This report presents 2013 data on U.S. births according to a wide variety of characteristics. Data are presented for maternal age, live-birth order, race and Hispanic origin, marital status, attendant at birth, method of delivery, period of gestation, birthweight, and plurality. Birth and fertility rates are presented by age, live-birth order, race and Hispanic origin, and marital status. Selected data by mother's state of residence and birth rates by age and race of father also are shown. Trends in fertility patterns and maternal and infant characteristics are described and interpreted.Descriptive tabulations of data reported on the birth certificates of the 3.93 million U.S. births that occurred in 2013 are presented.A total of 3,932,181 births were registered in the United States in 2013, down less than 1% from 2012. The general fertility rate declined to 62.5 per 1,000 women aged 15-44. The teen birth rate fell 10%, to 26.5 per 1,000 women aged 15-19. Birth rates declined for women in their 20s and increased for most age groups of women aged 30 and over. The total fertility rate (estimated number of births over a woman's lifetime) declined 1% to 1,857.5 per 1,000 women. Measures of unmarried childbearing were down in 2013 from 2012. The cesarean delivery rate declined to 32.7%. The preterm birth rate declined for the seventh straight year to 11.39%, but the low birthweight rate was essentially unchanged at 8.02%. The twin birth rate rose 2% to 33.7 per 1,000 births; the triplet and higher-order multiple birth rate dropped 4% to 119.5 per 100,000 total births.All material appearing in this report is in the public domain and may be reproduced or copied without permission; citation as to source, however, is appreciated.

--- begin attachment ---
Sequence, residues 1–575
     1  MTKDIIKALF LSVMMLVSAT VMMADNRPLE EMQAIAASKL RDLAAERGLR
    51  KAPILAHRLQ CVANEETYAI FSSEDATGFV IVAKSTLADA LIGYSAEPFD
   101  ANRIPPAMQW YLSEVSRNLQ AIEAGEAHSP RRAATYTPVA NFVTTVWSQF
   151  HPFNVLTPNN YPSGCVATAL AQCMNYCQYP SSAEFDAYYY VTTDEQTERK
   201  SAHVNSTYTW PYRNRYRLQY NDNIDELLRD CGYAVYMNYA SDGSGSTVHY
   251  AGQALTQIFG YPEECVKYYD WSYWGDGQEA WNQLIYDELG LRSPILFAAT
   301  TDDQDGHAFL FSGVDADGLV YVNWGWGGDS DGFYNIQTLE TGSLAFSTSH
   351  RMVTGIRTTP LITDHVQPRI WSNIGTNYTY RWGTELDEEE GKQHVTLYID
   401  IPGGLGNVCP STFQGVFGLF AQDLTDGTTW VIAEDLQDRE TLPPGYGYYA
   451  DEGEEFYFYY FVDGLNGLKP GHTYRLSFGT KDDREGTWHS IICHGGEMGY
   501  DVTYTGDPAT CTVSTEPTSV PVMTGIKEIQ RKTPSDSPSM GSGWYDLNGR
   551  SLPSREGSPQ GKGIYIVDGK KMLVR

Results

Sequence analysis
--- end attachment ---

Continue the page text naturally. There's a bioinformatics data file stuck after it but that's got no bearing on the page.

Births resulting from assisted reproductive technology: comparing birth certificate and National ART Surveillance System Data, 2011. - National vital statistics reports : from the Centers for Disease Control and Prevention, National Center for Health Statistics, National Vital Statistics System